Saturday, April 9, 2016

Tri-state: Connecticut, USA

People change minds. When my friends learned that we could not rent a car, they called our Connecticut travel quits. They got stuck to the idea that New York is huge and 3 days is not enough to go around it. Some stayed and two (including myself) climbed up to the railroad platform.

I did not see the absence of a car an impediment. The turn of events was very reminiscent of my Galena travel where everyone else had given up and I was being stubborn and unperturbed by the circumstance. I refused to believe that only people with cars can get to these places. There must still be a population of us out there who commutes and who the government cannot turn a blind eye on.

The MTA - Metro North Railroad train brought us to New Haven, Connecticut a little past 12 noon. At the Union Station, we walked outside to find the bus stop for a ride to Super 8 where two empty rooms were waiting. Thanks to friends who bail out on trips. Now I and Sheena have two separate rooms all to ourselves. Looking outside from the windows, flocks of crows and seagulls soaring over a nearby tree looked creepy awesome. I have never seen so many crows flying free. Although, not too long after, I stopped. It was becoming like Sleepy Hollow.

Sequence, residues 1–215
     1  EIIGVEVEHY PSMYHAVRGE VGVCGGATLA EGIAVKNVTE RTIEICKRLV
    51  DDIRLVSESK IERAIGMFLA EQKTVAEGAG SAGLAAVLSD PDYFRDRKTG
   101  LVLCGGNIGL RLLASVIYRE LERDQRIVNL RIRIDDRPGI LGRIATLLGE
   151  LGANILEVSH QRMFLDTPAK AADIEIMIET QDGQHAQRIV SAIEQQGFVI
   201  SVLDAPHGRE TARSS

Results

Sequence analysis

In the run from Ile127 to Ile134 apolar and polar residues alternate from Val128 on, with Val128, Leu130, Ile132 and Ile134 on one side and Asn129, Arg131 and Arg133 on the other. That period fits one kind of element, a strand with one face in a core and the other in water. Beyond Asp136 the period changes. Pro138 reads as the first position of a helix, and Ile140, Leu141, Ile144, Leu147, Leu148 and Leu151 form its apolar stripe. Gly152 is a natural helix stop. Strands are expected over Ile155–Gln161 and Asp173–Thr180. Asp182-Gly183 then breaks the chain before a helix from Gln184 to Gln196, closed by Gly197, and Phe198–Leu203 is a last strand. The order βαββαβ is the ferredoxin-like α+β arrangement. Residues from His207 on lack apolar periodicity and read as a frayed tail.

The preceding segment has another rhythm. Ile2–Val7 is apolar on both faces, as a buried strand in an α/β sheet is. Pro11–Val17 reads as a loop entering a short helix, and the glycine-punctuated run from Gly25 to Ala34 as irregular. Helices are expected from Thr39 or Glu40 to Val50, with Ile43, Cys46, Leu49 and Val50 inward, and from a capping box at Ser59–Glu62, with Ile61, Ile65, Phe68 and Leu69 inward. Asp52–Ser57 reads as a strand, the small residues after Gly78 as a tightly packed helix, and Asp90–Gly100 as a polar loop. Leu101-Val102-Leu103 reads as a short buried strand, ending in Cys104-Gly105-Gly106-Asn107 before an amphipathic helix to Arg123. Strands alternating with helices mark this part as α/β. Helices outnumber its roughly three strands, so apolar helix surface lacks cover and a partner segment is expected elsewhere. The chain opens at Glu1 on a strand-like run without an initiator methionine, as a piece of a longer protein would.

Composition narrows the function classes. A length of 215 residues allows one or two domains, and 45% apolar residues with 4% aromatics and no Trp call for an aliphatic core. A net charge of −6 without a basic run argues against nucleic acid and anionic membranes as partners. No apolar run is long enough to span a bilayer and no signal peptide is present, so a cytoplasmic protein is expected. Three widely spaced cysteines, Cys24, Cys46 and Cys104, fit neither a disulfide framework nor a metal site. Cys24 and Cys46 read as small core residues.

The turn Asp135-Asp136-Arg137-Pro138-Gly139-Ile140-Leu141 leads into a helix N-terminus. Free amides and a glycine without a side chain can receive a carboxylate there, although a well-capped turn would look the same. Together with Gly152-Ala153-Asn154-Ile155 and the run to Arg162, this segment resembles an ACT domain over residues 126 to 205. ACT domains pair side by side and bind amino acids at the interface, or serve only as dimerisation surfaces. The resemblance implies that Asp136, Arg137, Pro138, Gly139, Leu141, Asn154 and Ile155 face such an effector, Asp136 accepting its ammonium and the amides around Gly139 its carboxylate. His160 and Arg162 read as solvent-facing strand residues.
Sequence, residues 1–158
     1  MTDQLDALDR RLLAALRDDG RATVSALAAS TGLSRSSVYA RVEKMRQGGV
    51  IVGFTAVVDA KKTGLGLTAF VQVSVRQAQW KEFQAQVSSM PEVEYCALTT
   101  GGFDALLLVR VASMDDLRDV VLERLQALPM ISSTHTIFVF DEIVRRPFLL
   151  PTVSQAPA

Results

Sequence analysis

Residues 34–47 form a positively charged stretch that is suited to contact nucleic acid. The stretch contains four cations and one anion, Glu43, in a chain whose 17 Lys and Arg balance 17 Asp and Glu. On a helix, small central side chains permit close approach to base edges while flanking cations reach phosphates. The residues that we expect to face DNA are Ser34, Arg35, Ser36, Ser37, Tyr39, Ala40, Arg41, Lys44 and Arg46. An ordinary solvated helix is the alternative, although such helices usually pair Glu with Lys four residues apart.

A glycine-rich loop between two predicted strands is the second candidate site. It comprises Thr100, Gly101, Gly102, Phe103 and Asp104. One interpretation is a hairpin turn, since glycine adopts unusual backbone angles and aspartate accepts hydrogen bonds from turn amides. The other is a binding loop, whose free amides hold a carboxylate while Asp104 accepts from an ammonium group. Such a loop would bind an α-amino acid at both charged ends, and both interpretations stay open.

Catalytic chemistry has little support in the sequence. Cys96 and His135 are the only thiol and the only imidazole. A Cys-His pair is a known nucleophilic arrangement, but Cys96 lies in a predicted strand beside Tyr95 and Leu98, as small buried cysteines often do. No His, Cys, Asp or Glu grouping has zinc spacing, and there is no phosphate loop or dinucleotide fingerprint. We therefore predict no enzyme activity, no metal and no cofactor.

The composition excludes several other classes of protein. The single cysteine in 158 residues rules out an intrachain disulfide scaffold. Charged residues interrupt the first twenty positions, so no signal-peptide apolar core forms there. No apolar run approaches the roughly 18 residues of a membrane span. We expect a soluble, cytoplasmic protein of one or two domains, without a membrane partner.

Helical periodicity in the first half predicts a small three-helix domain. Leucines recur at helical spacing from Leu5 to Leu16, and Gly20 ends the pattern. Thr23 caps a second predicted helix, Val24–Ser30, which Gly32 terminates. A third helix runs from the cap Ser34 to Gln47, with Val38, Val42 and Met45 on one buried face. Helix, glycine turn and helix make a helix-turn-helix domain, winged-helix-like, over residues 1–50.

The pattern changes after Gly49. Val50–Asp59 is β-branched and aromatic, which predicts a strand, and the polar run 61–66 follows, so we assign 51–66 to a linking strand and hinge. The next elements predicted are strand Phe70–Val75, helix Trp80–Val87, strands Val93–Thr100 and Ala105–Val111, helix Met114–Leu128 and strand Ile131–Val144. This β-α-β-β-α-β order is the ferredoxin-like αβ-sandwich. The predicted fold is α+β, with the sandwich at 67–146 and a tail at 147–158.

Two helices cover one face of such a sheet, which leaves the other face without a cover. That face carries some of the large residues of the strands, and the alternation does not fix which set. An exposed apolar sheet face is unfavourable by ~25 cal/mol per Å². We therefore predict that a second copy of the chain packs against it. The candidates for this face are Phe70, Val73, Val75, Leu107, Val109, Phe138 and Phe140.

We left our belongings in the room to travel light around Yale University, one of America's oldest institutions for higher education (founded in 1701). Its property spans 411 hectares which is several times more than the main campus of Silliman University in Dumaguete City, Philippines. Yale has graduated many notable alumni including former US presidents William Howard Taft, George W. Bush, and Bill Clinton. The same school is also where the latter met his better half, Hillary, while studying law.